The government plans to launch an Aadhaar-enabled payment system soon, which can be used by those who do not have credit or debit cards, smartphones
An Aadhaar-enabled payment system will be launched soon, finance minister Arun Jaitley announced in his Budget speech for the financial year (FY) 2017-18. Aadhar Pay is the merchant version of Aadhaar-enabled payment system. The Aadhaar Pay app lets consumers pay without any physical payment instrument. It runs on the Android platform and has to be installed by merchants.
To use it, merchants need to first download the Aadhaar Pay app and then register to start using it. After registration, the merchant’s mobile phone needs to be linked to an Aadhaar biometric reader. Once the merchant has this infrastructure in place, the consumers can start transacting. To make a payment, the consumer has to just enter her Aadhaar number. The fingerprint is the password for the transaction. To use this service, the customer has to first link her bank account to her Aadhaar. Jaitley said that Aadhaar Pay will be specifically beneficial for those who do not have debit cards, mobile wallets and mobile phones. However, the consumer needs to have a bank account and Aadhaar number. “The launch of Aadhaar Pay for people without mobile phones will spearhead the country’s transition to digital economy," said Neel Ratan, leader- government and public sector, PwC India. In January, law and information technology minister Ravi Shankar Prasad had said that more than 14 banks had been integrated with Aadhaar Pay and 1.11 billion people had an Aadhaar number. The government is banking on this infrastructure to build Aadhaar Pay. As of now, you can make electronic payments to offline merchant using cards, e-wallets and the Unified Payment Interface (UPI).
In case of online merchants, you could do it using Net banking as well. For card transactions, a merchant needs to install PoS machines, which cost between Rs5,000 and Rs15,000. The consumer needs to have a credit or debit card to do the transaction. For card transactions, merchants have to pay a merchant discount rate in the range of 0.5-1% of the value of the transaction. If you are a consumer, you also incur the cost of holding the card—in the form of annual fee and joining fee, which usually start from Rs200. In case of e-wallets, the merchant transaction has not picked up pace because of interoperability issues. Therefore, both the merchant and the consumer need to have an e-wallet from the same service provider to complete the transaction. There are no charges for the consumer, however the merchant may have to pay a fee to the e-wallet service provider—which could start from 0.5% of the value of transaction. UPI, which was launched in August 2016, currently has over 35 member banks. To use this service, customers need to have a UPI-enabled app, a bank account and a registered mobile number. Besides these modes of payment, you can also pay using QR codes—a machine-readable matrix, which you can scan with your smartphone to pay. At present, various payment companies and banks provide different QR codes. The government sees potential in QR codes and is looking to provide a common QR code solution, which will be interoperable across payment networks. A common QR code will allow merchants to display a standard QR code, which can be linked to all the three payments networks—RuPay, MasterCard and Visa.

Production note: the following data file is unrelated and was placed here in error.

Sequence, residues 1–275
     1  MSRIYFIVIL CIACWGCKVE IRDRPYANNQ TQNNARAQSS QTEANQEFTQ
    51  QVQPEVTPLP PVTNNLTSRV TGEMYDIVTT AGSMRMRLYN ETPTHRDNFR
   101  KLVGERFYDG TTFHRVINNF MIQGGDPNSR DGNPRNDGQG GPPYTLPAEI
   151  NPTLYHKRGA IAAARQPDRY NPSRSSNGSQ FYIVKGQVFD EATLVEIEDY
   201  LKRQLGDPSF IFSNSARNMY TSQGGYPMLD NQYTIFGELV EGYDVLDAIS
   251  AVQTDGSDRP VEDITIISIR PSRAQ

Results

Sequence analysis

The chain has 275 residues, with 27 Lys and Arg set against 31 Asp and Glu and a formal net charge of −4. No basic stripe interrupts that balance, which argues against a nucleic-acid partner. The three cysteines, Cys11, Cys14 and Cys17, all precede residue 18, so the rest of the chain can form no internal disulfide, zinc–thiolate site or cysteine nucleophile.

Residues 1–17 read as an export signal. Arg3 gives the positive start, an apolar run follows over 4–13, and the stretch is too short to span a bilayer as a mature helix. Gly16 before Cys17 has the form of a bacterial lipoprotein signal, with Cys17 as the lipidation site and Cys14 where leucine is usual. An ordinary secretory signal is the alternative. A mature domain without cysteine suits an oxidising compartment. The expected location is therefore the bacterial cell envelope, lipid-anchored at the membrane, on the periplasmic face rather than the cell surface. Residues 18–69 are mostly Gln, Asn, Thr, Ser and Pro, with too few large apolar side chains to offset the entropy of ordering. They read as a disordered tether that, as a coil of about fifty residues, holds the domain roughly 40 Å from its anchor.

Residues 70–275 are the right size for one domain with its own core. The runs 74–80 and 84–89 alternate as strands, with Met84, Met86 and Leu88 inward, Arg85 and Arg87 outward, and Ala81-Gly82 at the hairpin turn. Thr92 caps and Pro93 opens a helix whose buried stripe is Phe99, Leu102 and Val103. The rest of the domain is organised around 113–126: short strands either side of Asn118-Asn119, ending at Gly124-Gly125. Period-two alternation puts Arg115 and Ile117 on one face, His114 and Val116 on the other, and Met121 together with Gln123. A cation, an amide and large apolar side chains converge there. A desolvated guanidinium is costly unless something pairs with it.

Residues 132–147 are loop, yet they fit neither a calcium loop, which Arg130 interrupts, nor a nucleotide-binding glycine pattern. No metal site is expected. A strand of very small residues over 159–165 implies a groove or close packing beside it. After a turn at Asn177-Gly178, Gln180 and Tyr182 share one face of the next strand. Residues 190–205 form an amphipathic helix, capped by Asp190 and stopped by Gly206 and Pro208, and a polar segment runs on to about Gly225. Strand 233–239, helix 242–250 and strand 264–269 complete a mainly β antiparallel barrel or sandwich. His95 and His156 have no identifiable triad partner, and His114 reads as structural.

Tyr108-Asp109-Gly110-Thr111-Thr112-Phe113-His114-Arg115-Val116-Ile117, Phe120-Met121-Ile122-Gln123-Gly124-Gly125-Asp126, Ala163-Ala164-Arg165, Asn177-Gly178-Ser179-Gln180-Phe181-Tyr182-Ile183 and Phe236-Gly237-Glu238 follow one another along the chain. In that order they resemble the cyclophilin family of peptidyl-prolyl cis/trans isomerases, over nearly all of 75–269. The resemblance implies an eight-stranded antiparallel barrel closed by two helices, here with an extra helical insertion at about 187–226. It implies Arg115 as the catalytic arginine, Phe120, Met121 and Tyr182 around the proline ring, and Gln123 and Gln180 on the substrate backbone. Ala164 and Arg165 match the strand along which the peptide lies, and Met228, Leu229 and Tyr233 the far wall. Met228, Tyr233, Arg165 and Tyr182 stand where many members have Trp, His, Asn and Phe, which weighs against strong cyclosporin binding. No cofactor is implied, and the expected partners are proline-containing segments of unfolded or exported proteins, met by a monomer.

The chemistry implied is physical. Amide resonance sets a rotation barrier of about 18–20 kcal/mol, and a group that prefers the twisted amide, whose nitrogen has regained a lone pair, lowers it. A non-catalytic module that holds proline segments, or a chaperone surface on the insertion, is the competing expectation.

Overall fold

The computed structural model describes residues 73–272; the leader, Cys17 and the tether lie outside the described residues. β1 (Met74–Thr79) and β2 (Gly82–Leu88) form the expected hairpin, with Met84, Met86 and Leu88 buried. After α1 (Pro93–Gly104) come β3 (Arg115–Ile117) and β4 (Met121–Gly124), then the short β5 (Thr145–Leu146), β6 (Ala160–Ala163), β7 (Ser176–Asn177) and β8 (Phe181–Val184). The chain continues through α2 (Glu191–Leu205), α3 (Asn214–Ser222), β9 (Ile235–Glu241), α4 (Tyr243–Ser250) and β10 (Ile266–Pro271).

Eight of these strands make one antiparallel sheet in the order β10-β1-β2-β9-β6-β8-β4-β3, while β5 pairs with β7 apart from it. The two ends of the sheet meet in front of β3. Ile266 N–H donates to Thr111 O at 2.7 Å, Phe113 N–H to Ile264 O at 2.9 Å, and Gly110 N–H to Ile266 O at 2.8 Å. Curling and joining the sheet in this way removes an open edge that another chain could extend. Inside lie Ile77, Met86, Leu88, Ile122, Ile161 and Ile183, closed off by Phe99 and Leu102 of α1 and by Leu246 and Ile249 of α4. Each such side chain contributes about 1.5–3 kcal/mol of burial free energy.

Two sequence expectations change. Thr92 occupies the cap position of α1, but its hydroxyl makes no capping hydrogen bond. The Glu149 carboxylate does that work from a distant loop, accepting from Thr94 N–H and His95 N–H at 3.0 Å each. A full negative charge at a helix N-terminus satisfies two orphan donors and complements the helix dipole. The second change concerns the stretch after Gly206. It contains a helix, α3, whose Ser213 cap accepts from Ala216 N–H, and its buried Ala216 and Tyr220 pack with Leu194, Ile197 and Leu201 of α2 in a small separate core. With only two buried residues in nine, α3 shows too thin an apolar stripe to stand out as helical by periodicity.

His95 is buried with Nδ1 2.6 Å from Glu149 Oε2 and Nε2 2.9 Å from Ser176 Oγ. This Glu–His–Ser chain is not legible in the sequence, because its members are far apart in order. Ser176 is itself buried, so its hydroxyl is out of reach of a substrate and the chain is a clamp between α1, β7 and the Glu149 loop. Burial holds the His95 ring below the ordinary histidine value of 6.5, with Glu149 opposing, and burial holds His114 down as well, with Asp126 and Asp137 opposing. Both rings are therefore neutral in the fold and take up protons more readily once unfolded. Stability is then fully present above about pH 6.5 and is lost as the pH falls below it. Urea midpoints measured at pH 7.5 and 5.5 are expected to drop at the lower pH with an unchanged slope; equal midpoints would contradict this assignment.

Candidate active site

India is currently at a stage where it is building the road for electronic payments. Aadhaar Pay will be another channel to make payments. Compared with card payments, it will be cheaper.
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